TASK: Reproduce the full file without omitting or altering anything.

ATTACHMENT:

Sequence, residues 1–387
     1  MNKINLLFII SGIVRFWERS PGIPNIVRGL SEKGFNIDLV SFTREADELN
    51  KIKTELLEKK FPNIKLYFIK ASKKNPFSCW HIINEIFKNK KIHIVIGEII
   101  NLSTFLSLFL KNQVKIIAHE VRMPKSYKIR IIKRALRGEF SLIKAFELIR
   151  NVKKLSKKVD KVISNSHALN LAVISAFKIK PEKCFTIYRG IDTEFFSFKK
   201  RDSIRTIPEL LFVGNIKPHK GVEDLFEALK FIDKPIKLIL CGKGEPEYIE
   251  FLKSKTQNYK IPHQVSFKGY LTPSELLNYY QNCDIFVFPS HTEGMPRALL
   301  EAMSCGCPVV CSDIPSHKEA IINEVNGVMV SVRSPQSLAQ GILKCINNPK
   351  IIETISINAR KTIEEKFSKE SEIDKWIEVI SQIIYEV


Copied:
Sequence, residues 1–387
     1  MNKINLLFII SGIVRFWERS PGIPNIVRGL SEKGFNIDLV SFTREADELN
    51  KIKTELLEKK FPNIKLYFIK ASKKNPFSCW HIINEIFKNK KIHIVIGEII
   101  NLSTFLSLFL KNQVKIIAHE VRMPKSYKIR IIKRALRGEF SLIKAFELIR
   151  NVKKLSKKVD KVISNSHALN LAVISAFKIK PEKCFTIYRG IDTEFFSFKK
   201  RDSIRTIPEL LFVGNIKPHK GVEDLFEALK FIDKPIKLIL CGKGEPEYIE
   251  FLKSKTQNYK IPHQVSFKGY LTPSELLNYY QNCDIFVFPS HTEGMPRALL
   301  EAMSCGCPVV CSDIPSHKEA IINEVNGVMV SVRSPQSLAQ GILKCINNPK
   351  IIETISINAR KTIEEKFSKE SEIDKWIEVI SQIIYEV